Don't say Enigma Software's SpyHunter is rubbish or you just might get sued


Technology website BleepingComputer is being sued by Enigma Software (ESG) over a negative review of its SpyHunter antimalware software. In fact, it's not really a review that has caused Enigma Software to start complaining about "false, disparaging, and defamatory statements", but a thread on its forums.

The lawsuit also suggests that BleepingComputer is "driving traffic and sales to Malwarebytes and driving traffic and sales away from ESG" (Bleeping Computer runs an affiliate program involving Malwarebytes) The timing of this is interesting, as it comes at the same time as the European Court of Human Rights ruled that website owners are not responsible for comments posted by readers.

The offending forum post dates back to 2014, and it compares SpyHunter with Malwarebytes and IObit. While there are lots of complaints about the title from users, primarily concerning what people deem to be 'deceptive pricing' (SpyHunter is promoted as being free, when in reality it is not) -- something Enigma Software regards as defamatory.

The idea of defamation is one that is very easily dismissed or accepted. There is a very big difference between saying 'this software will break your computer without question', and pointing out that "some users are not aware that when purchasing SpyHunter, they have agreed to a subscription service with an automatic renewal policy". It is also not defamatory to point out that a piece of antimalware software appears to throw up a number of false positives. The manufacturer of said software may not like such statements, but that does not make it defamatory.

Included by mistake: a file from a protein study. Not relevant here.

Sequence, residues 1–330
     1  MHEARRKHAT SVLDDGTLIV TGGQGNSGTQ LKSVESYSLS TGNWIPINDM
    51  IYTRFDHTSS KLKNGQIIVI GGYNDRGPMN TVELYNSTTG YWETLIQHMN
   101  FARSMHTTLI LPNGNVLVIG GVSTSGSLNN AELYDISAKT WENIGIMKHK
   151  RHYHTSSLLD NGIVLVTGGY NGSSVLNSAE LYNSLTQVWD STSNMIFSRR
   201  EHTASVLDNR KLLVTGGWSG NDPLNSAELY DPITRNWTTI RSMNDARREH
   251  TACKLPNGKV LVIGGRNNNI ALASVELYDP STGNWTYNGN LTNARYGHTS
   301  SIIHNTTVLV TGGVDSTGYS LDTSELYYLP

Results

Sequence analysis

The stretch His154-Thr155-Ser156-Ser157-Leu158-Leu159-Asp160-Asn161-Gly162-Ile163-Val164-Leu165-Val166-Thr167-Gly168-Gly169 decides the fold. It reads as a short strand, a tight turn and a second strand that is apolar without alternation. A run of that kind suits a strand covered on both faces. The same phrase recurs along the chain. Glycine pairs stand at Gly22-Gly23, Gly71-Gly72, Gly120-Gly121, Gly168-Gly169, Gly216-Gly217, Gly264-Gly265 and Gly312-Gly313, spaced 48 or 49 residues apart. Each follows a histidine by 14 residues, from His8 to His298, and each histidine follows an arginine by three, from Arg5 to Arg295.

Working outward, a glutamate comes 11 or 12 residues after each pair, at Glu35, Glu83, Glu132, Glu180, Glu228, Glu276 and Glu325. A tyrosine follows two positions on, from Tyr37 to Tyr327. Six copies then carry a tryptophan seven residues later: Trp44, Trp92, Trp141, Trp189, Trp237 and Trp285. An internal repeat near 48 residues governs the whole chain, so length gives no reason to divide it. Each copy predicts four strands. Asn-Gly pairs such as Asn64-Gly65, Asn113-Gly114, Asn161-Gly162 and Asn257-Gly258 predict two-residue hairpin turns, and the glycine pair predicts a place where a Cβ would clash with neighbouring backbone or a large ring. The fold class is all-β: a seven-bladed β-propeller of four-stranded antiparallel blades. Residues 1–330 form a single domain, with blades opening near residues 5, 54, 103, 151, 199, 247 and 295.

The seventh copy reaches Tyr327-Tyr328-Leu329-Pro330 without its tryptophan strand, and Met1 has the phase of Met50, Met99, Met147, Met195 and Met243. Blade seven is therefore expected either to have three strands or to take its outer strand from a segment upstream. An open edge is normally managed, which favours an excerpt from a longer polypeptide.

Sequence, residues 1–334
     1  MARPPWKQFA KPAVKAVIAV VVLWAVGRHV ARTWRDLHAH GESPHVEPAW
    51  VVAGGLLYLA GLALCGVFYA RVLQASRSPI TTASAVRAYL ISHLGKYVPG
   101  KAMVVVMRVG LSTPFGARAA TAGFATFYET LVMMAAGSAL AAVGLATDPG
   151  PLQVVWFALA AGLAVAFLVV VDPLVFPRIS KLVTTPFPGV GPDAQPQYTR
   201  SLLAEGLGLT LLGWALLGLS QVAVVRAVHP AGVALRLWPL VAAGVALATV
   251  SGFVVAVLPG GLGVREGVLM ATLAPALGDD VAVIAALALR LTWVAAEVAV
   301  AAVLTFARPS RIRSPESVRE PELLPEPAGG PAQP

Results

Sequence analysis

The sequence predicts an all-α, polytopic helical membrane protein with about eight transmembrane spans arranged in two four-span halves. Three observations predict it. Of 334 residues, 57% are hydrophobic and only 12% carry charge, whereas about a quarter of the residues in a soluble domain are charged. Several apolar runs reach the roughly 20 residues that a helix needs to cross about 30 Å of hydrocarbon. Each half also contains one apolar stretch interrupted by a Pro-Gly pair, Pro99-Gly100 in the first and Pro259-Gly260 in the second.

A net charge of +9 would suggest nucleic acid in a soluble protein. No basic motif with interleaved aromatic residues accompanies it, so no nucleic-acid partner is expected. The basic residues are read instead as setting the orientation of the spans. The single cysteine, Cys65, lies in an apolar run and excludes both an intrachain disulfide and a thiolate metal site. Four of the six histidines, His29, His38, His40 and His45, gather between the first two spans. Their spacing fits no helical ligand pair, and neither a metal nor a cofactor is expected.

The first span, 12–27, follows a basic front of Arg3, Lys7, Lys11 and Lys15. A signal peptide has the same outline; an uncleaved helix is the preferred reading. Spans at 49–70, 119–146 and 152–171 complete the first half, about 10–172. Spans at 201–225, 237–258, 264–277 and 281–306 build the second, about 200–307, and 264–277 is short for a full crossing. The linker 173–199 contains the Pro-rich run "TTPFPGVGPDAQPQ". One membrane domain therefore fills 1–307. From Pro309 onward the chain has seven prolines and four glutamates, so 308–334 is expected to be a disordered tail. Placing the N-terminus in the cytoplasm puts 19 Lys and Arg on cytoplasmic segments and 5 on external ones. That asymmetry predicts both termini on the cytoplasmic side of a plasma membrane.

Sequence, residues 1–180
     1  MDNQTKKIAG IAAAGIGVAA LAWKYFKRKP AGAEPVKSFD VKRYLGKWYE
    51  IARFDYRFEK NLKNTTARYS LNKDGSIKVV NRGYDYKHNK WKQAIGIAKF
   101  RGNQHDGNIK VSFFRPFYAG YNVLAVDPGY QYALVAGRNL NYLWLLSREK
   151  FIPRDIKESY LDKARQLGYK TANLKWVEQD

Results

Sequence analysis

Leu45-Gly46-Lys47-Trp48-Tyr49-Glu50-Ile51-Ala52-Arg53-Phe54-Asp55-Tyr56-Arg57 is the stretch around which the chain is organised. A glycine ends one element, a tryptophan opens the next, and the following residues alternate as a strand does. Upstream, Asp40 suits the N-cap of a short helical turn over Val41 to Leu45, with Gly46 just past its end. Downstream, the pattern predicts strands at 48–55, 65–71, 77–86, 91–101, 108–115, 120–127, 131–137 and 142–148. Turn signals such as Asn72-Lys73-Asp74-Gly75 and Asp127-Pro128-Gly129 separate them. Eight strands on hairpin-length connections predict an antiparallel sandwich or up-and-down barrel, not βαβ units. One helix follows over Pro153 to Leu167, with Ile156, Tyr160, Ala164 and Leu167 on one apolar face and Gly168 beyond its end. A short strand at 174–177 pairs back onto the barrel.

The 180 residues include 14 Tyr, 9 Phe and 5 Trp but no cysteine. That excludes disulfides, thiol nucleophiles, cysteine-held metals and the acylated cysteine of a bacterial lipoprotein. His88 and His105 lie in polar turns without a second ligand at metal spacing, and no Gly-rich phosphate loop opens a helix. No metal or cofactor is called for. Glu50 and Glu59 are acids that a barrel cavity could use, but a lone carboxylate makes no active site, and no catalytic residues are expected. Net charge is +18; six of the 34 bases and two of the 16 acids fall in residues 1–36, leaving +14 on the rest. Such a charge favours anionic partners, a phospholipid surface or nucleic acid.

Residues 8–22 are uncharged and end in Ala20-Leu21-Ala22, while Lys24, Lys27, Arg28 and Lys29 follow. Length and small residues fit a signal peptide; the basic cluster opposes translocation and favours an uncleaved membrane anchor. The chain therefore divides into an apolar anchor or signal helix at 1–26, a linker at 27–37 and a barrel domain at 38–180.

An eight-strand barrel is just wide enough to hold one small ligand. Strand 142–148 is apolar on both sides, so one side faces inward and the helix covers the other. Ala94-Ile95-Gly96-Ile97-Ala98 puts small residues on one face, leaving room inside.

When you read a review -- be it of a new phone, an online service, or a piece of software -- you're reading an opinion. It might seem like stating the obvious but a review is, for the most part, an entirely subjective thing. That's not to say that they shouldn't have elements of objectivity to them, but at the end of the day a review is what one person thinks about something.

Describing the case as a "strategic lawsuit against public participation", BleepingComputer owner Lawrence Abrams says:

Enigma Software has a history of filing lawsuits to censor and bully people into removing reviews or opinions about their products. If BleepingComputer does not get the help we need and we lose this battle, it will only embolden Enigma Software to try to silence other bloggers, IT technicians, or computer security enthusiasts.

The site is running a GoFundMe campaign to raise money to mount a defense which it says could cost hundreds of thousands of dollars. Abrams says that "the Internet community needs to show a united front in support of Freedom of Speech without fear of being bullied".

Photo credit: Constantin Stanciu / Shutterstock

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